Hudson-Chatham in Tannersville Review
Address: 6063 Main Street Tannersville,New York 12485.
Phone Number: 518-589-4193
Tasting Hours: Sun-Thurs 12:00-5:00, Fri 12:00-7:00, Sat 12:00-8:00
Region: New York
Reviewer: Elizabeth Smith
Review Date: 12/27/2016
Reviewer: Elizabeth Smith
In August 2015, before I was an American Winery Guide correspondent, I spent a day visiting Hudson-Chatham Winery, Columbia County, New Yorks first winery. It was a fantastic experience, and I wrote about that day on my website. A month later, I began writing for AWG. It was only a matter of time before I revisited Hudson-Chatham.
This trip, I spent a couple of hours at Hudson-Chathams Tannersville location which opened recently to serve both residents and visitors of Greene County, New York. The town of Tannersville is a bit like stepping back into another time and place. The Tannersville tasting and retail space feels like an old-fashioned general store, which was beautifully decorated for the holidays at the time of my visit. Walking around inside, I was moved to take many photos. I discovered wines, ciders, coffee, food, books, and gifts. Chalkboard-style signs adorned the space, adding a sense of familiarity and humor. A separate room furnished with tables, called The Vintners Café, is available for seated tastings and small bites like local cheeses and charcuterie. Being in the wine business myself, I envisioned so many possibilities for this room. It is perfect for specialized and private tasting experiences, food and wine pairings, intimate winemaker dinners, and wine education classes.
My host, owner Carlo DeVito, led me through a personalized tasting of Hudson-Chatham wines. The standard tasting is usually five tastes for $5.00. I had the opportunity to taste both new vintages and new wines, including the 2014 Estate Seyval Blanc, Riesling NV, 2015 Heirloom White, Olde Orchard Sparkling Apple Wine, 2015 Estate Block 3 Baco Noir, 2014 Baco Noir Reserve Casscles Vineyard, 2015 Baco Noir Middlehope, 2015 Baco Noir Old Vines, 2016 NUVO (a first-press blend of Marquette, Chelois, and DeChaunac), 2015 Heirloom Red, 2013 Merlot, 2015 Pinot Noir, and 2015 Marquette, as well as the Paperbirch Toffee, Amber Cream, and Fino port-style dessert wines. For those unfamiliar with Hudson-Chatham, the wines are handmade and hand pressed with minimal intervention, unfiltered and unfined, to retain purity of fruit and terroir.
While the winery makes a few lovely wines from Vitis vinifera grapes, like the riesling, merlot and pinot noir I tasted, Hudson-Chatham flourishes as a producer of local, hybrid varietal wines. The Heirloom White and Red wines are intriguing, unique blends of mostly Hudson Valley hybrid grapes, many of which I had never tasted before this visit. The Estate Seyval Blanc, Hudson-Chathams rendition of a fumé blanc style white, is always beautiful, showcasing a balance of brilliant acidity and a textured mouthfeel.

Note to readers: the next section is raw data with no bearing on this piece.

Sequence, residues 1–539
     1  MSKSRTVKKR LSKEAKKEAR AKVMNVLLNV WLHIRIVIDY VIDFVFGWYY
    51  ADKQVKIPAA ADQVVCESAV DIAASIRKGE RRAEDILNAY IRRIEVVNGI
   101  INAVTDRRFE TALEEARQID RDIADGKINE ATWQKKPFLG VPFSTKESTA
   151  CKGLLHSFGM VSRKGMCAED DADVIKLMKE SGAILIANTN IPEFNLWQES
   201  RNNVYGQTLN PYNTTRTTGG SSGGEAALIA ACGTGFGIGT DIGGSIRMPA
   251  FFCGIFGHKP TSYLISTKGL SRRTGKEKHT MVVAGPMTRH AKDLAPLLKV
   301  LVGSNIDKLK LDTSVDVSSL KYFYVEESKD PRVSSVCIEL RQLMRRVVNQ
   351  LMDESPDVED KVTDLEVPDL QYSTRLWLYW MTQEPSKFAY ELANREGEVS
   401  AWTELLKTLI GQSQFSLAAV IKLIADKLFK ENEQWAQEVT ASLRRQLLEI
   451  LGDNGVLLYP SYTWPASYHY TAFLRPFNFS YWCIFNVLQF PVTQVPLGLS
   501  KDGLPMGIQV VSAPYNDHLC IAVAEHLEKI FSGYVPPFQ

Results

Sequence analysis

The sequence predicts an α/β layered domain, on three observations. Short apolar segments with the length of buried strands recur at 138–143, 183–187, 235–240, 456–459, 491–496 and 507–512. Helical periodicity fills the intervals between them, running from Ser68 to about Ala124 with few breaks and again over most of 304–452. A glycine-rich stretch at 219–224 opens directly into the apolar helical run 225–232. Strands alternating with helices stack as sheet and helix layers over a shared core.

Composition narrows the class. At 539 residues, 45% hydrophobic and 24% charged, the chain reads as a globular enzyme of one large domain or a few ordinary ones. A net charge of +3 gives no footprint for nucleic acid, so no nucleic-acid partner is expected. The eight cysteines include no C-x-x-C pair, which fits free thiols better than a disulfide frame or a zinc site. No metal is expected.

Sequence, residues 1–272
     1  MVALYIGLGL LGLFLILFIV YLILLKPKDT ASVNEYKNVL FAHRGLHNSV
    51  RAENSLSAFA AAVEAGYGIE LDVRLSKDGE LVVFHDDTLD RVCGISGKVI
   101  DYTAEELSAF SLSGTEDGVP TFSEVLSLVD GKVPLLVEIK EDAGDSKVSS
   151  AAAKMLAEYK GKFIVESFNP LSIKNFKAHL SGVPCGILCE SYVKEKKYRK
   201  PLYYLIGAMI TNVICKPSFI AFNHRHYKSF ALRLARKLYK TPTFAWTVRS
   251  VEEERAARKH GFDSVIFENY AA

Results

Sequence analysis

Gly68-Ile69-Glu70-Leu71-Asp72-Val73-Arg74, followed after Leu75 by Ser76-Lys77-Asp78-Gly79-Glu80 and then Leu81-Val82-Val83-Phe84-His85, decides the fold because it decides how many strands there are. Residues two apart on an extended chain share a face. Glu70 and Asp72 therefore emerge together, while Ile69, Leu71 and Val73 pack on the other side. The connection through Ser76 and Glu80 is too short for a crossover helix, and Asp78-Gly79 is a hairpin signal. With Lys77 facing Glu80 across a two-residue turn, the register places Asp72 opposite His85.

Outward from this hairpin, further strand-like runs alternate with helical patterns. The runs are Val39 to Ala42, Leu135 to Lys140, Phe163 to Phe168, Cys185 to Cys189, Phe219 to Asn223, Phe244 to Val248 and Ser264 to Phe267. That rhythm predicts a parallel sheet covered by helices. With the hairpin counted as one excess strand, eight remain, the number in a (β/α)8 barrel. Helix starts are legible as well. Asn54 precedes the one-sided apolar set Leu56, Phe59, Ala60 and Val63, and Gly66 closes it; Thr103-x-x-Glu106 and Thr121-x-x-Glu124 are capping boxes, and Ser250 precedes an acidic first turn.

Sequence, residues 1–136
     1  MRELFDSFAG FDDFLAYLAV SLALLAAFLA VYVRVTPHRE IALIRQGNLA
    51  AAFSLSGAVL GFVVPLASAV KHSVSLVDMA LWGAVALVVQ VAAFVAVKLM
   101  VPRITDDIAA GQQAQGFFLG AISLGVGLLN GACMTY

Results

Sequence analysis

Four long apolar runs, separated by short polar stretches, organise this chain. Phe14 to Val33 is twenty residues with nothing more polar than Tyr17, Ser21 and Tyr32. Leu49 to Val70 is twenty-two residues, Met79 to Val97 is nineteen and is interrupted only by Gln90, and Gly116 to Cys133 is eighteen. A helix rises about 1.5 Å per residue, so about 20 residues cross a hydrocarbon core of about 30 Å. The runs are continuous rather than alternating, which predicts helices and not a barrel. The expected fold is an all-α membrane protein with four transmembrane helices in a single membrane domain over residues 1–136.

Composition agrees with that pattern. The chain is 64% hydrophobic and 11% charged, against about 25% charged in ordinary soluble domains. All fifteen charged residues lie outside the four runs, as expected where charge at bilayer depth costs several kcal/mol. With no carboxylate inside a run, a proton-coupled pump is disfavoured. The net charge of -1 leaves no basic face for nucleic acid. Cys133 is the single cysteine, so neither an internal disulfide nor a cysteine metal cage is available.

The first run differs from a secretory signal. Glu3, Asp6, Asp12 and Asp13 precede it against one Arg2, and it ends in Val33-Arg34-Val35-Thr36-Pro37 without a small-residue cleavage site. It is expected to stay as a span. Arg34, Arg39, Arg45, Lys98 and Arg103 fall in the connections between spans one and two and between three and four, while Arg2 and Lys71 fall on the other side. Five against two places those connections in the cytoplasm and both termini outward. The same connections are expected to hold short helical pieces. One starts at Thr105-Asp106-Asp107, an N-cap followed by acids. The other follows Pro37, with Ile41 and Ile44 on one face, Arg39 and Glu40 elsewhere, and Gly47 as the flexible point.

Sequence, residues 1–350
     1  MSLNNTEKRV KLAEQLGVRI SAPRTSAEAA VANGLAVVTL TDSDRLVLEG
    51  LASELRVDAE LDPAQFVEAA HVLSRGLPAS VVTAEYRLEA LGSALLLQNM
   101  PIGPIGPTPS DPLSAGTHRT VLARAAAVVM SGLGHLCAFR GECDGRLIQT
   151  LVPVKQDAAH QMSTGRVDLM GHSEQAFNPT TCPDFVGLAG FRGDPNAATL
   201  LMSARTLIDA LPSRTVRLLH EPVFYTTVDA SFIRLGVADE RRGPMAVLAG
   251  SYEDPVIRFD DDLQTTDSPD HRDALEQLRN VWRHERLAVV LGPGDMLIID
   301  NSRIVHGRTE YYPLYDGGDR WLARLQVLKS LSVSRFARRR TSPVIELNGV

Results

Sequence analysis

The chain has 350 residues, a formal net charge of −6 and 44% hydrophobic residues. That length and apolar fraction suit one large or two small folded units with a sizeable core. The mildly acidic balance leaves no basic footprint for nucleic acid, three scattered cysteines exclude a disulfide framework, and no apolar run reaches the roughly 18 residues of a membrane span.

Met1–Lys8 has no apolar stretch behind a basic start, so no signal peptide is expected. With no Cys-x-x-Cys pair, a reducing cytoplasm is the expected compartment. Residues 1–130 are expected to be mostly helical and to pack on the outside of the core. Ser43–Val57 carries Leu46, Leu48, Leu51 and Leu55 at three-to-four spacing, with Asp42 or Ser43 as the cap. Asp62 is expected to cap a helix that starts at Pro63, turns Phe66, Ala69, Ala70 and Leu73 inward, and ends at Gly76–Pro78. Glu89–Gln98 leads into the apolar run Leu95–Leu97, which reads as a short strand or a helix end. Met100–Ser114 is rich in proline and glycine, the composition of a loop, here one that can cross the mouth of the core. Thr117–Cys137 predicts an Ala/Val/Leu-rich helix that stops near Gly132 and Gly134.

I continue to be in love with the Hudson-Chatham Baco Noir. The four offerings tasted during this visit were off-the-charts delicious, each demonstrating a sense of place that is pervasive and persistent. It was my first time trying the 2015 Estate Block 3 Baco Noir, whose sour cherry flavor is lively and mouthwatering. The 2014 Reserve Casscles Vineyard, sourced from the winemakers vineyard and aged in neutral French oak, exhibits indisputable rusticity that compliments a darker fruit profile. I was especially enamored with the 2015 Baco Noir Middlehope, also sourced from Casscles Vineyard, which reveals a layered and complex interplay of plum, acid, minerality, and spice. The 2015 Baco Noir Old Vines, whose grapes come from 65-year-old vines, is intensely colored and flavored, with bright, tart cherry and cranberry fruit, spice, and super-duper acid (a quote from my handwritten notes).
I do not typically drink cider, but the Olde Orchard Sparkling Apple Wine, whose fruit is sourced from the organically farmed Little Apple Farm in Hillsdale, New York, won my heart with its fresh, crunchy apple flavors, dryness, and yeasty qualities resulting from bottle fermentation without disgorgement.
I concluded my visit with a tasting of the winerys seasonal red wine hot chocolate topped with whipped cream. As I sipped this delectable guilty pleasure, I made my way through the rooms again. Hudson-Chatham Tannersville is not a tasting room, but an extension of home, a collection of all things local filled with delights that appeal to all the senses.